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Eureka: My experience with French corporate culture
by Joseph Gatt
2018-06-11 07:55:36
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Here's a list, in no particular order, of observations I made in the French corporate world.

-The absent directors and CEOs. In French companies, directors and CEOs tend to have separate entrances, separate elevators, separate cafeterias, separate meeting rooms, seperate libraries and follow a whole different track leading to their office. So if you're the average worker, you probably won't bump into them. Their phone numbers, including office numbers, and those of their secretaries tend to be private. Their email adresses also tend to be private. At best, you might get a hold of their fax number, but that also might be private. So if you want to rant, can't send an email ranting to the CEO or directors.

frcorp0001_400-The creepy boss. As you've noticed from the CEOs, being a people's person just isn't in French blood. Supervisors tend to be assigned supervisor positions because they attended elite schools and nothing else. It's not what they know, it's what school they went to. So if you have a smart boss good for you, if your boss went to an elite school but is a moron, you'll be stuck with him. French supervisors tend to have anger management problems, tend to be meticulous and notice every mistake. Don't be late to work, proofread your spelling, make sure you double check all the facts. When you hand in your work to your boss, it has to be perfect, not near perfection.

-Can I ask you a question? Before the French ask an important question, they often make sure their question will be answered by asking if they can ask a question first. In the corporate world, your questions might or might not be answered. The French are not very comfortable with sharing information, as they tend to think other people are competing with them for promotions.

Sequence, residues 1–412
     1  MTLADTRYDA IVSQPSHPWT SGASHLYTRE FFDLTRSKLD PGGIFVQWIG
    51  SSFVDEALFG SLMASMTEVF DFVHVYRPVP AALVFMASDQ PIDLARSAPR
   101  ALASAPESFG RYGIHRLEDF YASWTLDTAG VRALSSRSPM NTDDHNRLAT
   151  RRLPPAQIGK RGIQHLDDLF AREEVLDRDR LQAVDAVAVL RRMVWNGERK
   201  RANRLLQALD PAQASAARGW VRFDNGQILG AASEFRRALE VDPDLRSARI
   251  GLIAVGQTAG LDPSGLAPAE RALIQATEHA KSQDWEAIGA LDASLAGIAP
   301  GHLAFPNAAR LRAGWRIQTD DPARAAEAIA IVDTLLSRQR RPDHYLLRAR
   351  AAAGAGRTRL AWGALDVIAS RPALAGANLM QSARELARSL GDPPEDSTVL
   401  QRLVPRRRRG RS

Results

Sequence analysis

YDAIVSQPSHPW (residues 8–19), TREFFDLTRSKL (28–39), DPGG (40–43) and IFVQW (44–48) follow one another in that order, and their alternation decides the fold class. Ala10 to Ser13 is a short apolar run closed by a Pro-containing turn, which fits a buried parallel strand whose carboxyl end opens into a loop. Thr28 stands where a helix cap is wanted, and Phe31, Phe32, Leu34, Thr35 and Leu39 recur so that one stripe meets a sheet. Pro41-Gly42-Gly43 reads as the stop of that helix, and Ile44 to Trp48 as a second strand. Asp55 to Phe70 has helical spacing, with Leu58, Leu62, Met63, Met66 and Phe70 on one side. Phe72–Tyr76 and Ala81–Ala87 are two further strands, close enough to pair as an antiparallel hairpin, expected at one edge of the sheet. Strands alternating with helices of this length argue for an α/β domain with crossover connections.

-The open space disaster. In the United States, the United Kingdom, Spain, Portugal, or even Germany for that matter, open space was a good idea. In the US in the past, workers tended to lock themselves up in their office and tended to form cliques within the workplace, but with open space they tended to share more work-related information and just chat more, and information flowed a lot better. When the French thought open space would have the same effect, a lot of the French workers put high walls in their cubicle or even yelled as soon as someone was invading their personal space. Toilet breaks became a source of gossip and so did fashion trends and what drink one has. As for all that work-related communication, it just didn't happen.

-Think ten times before you send an email. Americans tend to be spontaneous with email and write what's on their mind. The French tend to write emails collectively, and emails will go through so many layers of fact-checking and thinking that they will often be ambiguous. I once sent my boss an email and he yelled at me “I'm not your online boss! Don't ever send me an email again!”

-Walking in the dark. In the US, we tend to offer new employees orientation and tell them what to expect on the job and how to perform. The French tend to have no orientation, and you will be assigned at your desk on the first day. Nor will you be briefed on the projects or company philosophy. You will often go to work in the morning not knowing what will happen during the day, perhaps not even having a clue.

-It's not what you know, it's what school you went to. Don't ever try to impress the French with information or knowledge you might have, languages you might speak or connections you might have. Doesn't matter if you have all the connections, speak all the languages and know almost everything about the market. That guy who went to the elite schools, he will be the one taking the decisions.